Now we live with great expectation, and we have a priceless inheritance—an inheritance that is kept in heaven for you, pure and undefiled, beyond the reach of change and decay. [1 Peter 1: 3b-4 (NLT)]
Back in March, when this pandemic began, people began thinking seriously about worst-case scenarios. Looking at the death tolls in other countries and seeing them rise in ours, many began scrambling to write their wills and end of life directives. By late April, one on-line estate planning platform reported a 223% increase in customers. When schools announced plans to resume in-person classes, that trend continued as many teachers added will writing to their back-to-school tasks.
Since we’re well into our seventies, my husband and I didn’t need a pandemic to remind us of our pending departure dates. Wanting to be good stewards of our financial blessings in both life and death, we’ve made arrangements and written our wills. Our lawyer wisely suggested that our end goal should be to have everyone in the family still speaking to one another when all is said and done. Unfortunately, even with a pandemic, many people fail to plan ahead for what we know will happen eventually to all of us. Sadly, their families end up squabbling over money, Uncle Joe’s war memorabilia, Grandma’s ring, or Sue’s Beanie Baby collection! By the time everything is resolved, the lawyers are the only ones who come out ahead and no one is speaking to anyone. Money rarely brings out the best in any of us.
Other than our financial assets (or debts, as the case may be) and a few possessions, what do we really leave to our children? Money and property are not the only legacy about which we should be concerned. Some things are far more important than cars, houses, insurance policies, or jewelry.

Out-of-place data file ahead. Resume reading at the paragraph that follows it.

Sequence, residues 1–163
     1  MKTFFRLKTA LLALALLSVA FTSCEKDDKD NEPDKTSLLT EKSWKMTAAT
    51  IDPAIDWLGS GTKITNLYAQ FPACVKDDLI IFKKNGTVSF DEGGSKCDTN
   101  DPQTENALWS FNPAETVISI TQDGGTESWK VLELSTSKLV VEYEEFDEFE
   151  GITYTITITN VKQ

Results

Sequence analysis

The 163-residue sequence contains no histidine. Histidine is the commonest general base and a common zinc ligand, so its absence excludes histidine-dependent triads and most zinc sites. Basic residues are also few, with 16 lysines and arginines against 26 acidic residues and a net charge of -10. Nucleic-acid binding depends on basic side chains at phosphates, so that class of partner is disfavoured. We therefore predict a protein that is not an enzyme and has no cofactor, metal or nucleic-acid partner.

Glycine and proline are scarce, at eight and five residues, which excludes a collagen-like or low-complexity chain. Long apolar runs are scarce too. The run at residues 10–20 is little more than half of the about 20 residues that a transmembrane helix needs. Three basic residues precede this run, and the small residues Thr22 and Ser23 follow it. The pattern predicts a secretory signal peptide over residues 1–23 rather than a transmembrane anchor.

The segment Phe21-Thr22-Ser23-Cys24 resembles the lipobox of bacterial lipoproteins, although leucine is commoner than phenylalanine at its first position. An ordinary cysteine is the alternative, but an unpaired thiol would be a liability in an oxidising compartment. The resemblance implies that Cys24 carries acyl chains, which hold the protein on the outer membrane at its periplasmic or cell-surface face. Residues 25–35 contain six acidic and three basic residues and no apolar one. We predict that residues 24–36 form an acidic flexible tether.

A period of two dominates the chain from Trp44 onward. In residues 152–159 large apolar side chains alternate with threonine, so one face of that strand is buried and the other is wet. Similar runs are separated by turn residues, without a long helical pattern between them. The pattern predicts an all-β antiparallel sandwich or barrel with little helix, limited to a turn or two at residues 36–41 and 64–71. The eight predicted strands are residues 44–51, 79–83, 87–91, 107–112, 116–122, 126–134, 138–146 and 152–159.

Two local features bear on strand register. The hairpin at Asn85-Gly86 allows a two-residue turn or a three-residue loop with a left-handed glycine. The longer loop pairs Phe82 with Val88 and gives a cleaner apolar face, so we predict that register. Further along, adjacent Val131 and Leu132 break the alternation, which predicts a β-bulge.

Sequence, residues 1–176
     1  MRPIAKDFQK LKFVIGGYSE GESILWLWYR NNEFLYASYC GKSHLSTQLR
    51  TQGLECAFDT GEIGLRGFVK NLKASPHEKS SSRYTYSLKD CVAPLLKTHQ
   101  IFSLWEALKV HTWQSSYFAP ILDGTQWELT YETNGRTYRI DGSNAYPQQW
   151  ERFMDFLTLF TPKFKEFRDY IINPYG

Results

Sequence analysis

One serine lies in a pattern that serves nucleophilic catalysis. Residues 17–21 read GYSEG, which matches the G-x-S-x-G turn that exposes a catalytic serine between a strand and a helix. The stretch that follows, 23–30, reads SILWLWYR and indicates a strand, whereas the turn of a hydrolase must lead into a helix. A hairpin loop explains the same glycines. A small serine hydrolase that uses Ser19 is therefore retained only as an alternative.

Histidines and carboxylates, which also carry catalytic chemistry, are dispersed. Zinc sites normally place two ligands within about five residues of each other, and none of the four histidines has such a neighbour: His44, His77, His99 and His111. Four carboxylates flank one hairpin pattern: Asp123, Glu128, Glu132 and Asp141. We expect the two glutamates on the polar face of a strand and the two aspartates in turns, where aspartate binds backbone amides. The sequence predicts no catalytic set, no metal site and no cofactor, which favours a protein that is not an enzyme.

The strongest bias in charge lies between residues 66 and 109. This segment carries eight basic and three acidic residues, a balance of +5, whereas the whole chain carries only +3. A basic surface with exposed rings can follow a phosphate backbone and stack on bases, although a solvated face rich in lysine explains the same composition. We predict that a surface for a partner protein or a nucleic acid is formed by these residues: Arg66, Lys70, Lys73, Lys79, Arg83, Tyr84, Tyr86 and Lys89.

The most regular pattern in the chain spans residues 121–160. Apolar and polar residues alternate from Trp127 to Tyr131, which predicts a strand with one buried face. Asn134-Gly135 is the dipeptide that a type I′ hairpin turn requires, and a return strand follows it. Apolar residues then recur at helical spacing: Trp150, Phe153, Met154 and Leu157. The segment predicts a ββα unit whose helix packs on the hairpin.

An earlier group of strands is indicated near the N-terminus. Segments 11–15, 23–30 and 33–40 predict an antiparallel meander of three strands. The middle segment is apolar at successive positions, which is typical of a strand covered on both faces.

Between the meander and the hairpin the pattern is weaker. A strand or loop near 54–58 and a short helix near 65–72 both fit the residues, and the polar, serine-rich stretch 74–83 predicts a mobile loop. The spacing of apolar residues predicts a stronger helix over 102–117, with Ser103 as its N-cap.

Perhaps we should be as concerned about our spiritual estate planning as we may be about our financial one. Unlike money, the quality of a spiritual bequest is far more important than its quantity. Good memories, an example of Christian living, wisdom, morals, love and good will are all more valuable than money or property. If we leave our children with humility, confidence, courage, hope, self-respect, the ability to laugh at themselves, and the desire to give and serve, we’ll have given them far more than money can buy.
The one thing we can’t leave them, however, is faith; that’s something they’ll have to find for themselves. We may have laid the groundwork by raising them as Christians but the choices they make are theirs alone. We can give them our prayers, good example, guidance, and love but they’ll have to do the rest on their own.
Heavenly Father, we give you our children—our heirs—and pray that they will become your heirs, as well. May they become heirs to the richness of your kingdom and glory.
I have now disposed of all my property to my family. There is one thing more I wish I could give them, and that is the Christian Religion. If they had that and I had not given them one shilling they would have been rich; and if they had not that and I had given them all the world, they would be poor. [Patrick Henry]